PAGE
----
New Year's Eve
In the same vein as "Valentine's Day," "New Year's Eve" - also directed by Garry Marshall - weaves in and out of New Yorkers' lives on the last day of the year. The ensemble cast includes Ashton Kutcher, Lea Michele, Halle Berry and Jon Bon Jovi. (Dec. 9)

Sherlock Holmes: A Game of Shadows
Robert Downey Jr. and Jude Law return as Sherlock Holmes and Dr. Watson, respectively, and this time they're up against arch- nemesis Professor Moriarty (played by the talented Jared Harris). Guy Ritchie directs again. (Dec. 16)

Mission: Impossible - Ghost Protocol
Yes, it's another "Mission: Impossible" movie. The twist? It's directed by Brad Bird. If he brings as much emotion to this as he has to his animated movies ("The Iron Giant," "The Incredibles," "Ratatouille"), we're sold. (Dec. 16)

Roman Polanski recruited only the best for this entertaining adaptation of the Tony Award-winning play "God of Carnage." Jodie Foster, John C. Reilly, Kate Winslet and Christoph Waltz star as Brooklyn parents who clash over a playground incident between their sons. (Dec. 16)

Albert Nobbs
Glenn Close plays the titular character, an odd but endearing employee at an upscale inn in 19th-century Ireland. She's dressed as a man her entire life - and her repressed identity is tragic to behold. Comical moments abound as well. (Dec. 21)

The Girl With the Dragon Tattoo
David Fincher directs one of the season's biggest and most intense films, adapted from Stieg Larsson's ubiquitous best-selling novel. Rooney Mara ("The Social Network") plays computer hacker Lisbeth Salander, who teams up with a journalist (Daniel Craig) to investigate an unsolved missing-woman case. (Dec. 21)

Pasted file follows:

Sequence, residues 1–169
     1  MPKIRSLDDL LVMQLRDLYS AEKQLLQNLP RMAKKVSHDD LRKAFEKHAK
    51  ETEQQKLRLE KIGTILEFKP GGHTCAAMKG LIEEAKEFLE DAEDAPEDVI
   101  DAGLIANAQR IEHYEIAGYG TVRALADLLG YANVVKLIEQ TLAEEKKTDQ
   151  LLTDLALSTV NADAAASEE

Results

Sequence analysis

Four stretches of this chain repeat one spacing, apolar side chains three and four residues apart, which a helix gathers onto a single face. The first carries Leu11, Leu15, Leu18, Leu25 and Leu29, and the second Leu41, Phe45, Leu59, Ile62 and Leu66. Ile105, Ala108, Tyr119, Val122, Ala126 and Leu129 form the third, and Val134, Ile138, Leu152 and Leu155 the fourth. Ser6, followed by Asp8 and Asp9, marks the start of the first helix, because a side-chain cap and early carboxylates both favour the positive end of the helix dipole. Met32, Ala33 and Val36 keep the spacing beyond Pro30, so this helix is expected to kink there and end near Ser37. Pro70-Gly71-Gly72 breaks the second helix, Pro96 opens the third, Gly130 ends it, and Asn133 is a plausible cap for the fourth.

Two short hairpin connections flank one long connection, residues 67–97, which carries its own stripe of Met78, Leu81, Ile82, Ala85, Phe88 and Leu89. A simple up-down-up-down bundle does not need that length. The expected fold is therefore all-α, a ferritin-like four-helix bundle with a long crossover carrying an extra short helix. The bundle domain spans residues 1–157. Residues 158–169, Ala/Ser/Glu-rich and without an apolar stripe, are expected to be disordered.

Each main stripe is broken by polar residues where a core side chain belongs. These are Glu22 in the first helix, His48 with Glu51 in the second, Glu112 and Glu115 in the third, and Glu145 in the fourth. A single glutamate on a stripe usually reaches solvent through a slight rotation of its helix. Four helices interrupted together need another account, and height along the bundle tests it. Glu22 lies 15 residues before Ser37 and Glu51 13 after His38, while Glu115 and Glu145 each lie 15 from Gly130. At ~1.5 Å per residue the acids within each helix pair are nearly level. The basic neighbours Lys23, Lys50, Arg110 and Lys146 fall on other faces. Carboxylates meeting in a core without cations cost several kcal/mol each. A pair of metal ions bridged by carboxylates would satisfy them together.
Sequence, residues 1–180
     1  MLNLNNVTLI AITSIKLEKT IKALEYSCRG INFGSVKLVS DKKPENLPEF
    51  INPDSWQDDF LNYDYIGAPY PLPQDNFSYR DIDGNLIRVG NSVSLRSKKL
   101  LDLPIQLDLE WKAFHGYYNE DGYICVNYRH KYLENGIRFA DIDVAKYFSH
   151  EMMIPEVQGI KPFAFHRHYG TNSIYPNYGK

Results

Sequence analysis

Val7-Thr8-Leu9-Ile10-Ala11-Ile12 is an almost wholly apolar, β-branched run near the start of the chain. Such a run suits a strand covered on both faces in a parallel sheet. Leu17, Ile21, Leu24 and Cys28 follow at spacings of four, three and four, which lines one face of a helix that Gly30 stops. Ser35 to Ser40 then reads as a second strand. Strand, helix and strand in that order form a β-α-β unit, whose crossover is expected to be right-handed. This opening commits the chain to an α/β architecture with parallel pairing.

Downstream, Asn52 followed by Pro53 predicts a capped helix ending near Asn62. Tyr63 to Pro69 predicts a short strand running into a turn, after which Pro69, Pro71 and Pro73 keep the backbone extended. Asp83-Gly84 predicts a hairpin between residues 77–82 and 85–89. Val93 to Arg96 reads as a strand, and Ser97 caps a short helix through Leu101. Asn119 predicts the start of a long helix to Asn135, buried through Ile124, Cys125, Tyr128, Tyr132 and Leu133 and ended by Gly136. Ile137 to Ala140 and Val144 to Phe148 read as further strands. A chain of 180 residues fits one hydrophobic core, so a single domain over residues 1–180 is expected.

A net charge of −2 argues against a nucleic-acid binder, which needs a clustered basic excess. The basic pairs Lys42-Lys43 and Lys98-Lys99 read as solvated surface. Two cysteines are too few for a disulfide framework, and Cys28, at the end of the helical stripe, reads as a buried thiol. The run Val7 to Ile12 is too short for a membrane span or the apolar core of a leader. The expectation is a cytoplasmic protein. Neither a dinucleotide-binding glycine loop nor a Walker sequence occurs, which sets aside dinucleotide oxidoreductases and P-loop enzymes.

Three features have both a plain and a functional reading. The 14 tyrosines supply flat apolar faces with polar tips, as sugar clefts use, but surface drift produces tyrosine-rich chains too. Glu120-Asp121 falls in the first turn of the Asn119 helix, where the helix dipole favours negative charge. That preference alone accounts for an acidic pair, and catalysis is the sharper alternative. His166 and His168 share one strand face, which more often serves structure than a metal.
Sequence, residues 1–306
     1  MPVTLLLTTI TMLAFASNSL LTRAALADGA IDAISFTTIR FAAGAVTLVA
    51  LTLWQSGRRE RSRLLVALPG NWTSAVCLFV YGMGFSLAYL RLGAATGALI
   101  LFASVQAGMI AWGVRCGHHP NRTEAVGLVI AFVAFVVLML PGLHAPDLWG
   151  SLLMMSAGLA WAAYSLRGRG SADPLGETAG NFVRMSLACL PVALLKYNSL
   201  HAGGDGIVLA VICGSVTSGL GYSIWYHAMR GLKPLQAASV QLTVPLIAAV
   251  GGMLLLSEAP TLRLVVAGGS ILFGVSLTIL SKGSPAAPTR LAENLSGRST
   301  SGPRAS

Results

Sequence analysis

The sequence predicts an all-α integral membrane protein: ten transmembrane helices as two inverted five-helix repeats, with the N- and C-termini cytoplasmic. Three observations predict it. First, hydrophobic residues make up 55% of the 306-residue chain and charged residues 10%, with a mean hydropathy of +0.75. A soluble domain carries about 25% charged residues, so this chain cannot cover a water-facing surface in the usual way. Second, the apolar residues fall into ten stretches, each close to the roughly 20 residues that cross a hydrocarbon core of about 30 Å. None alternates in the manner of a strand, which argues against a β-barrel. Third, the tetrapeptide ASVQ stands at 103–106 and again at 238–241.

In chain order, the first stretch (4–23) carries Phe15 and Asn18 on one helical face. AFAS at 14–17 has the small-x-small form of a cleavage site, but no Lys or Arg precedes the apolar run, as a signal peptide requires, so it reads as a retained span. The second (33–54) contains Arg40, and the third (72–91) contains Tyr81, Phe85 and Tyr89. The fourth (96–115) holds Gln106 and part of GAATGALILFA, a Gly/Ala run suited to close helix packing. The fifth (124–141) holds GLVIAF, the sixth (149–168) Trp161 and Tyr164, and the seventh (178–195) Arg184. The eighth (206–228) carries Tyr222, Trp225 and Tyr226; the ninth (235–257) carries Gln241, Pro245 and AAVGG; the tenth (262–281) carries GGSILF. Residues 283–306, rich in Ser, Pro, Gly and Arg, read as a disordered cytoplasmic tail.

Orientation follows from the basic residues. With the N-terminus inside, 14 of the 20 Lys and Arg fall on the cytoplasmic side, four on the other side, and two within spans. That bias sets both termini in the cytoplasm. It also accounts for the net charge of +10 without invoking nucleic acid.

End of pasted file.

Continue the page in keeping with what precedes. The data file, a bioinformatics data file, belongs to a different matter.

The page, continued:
The Adventures of Tintin
Tintin comes to life in this motion-capture animated flick from Steven Spielberg. The cowlicked boy reporter adventures around the world to solve the mystery of a sunken ship. (Dec. 21)

We Bought a Zoo
A single father (Matt Damon) buys a house in the middle of a zoo, much to the delight of  his two children. "We Bought a Zoo" marks Cameron Crowe's first foray into kid-friendly territory, and also stars Scarlett Johansson and Thomas Haden Church. (Dec. 23)

In the Land of Blood and Honey
Angelina Jolie makes her directorial debut with this tale of star-crossed lovers set during the Bosnian War - he's a Serbian soldier, she's a Bosnian captive. (Dec. 23)

Wim Wenders' 3-D documentary affords a close-up look at the choreography of the late Pina Bausch. The 3-D camera captures the kineticism of Bausch's Tanztheater Wuppertal ensemble - and the inventive set designs. (Dec. 23)

Extremely  Loud and Incredibly Close
A young boy scours New York City for the lock belonging to a key left by his father, who died on 9/11. Adapted from the novel by Jonathan Safran Foer, and starring Tom Hanks, Sandra Bullock and James Gandolfini. (Dec. 25)

War Horse
In his second movie of the year (see "Tintin"), Steven Spielberg adapts the play (currently at Lincoln Center) about a horse's journey through World War I. The star is a horse, but the story revolves around the people who cross its path. (Dec. 25)

The Darkest Hour
Nothing like a 3-D alien-invasion movie to celebrate Christmas Day. The extraterrestrials in this case are invisible, and they're sucking up Earth's power supplies. Stars Emile Hirsch and Olivia Thirlby. (Dec. 25)

Breakout actress Adepero Oduye stars in this coming-of-age drama about an African-American lesbian teenager living in Fort Greene. She's determined to find a girlfriend, even as her sexual identity remains a secret on the homefront. (Dec. 28)

A Separation
A woman tries to convince her husband to leave Iran with her. When he refuses, she files for divorce - unsuccessfully. What follows is a tense thriller. (Dec. 30)

The Iron Lady
Meryl Streep portrays Margaret Thatcher in this biopic of the U.K's only female prime minister. Did someone say "Oscar"? (Dec. 30)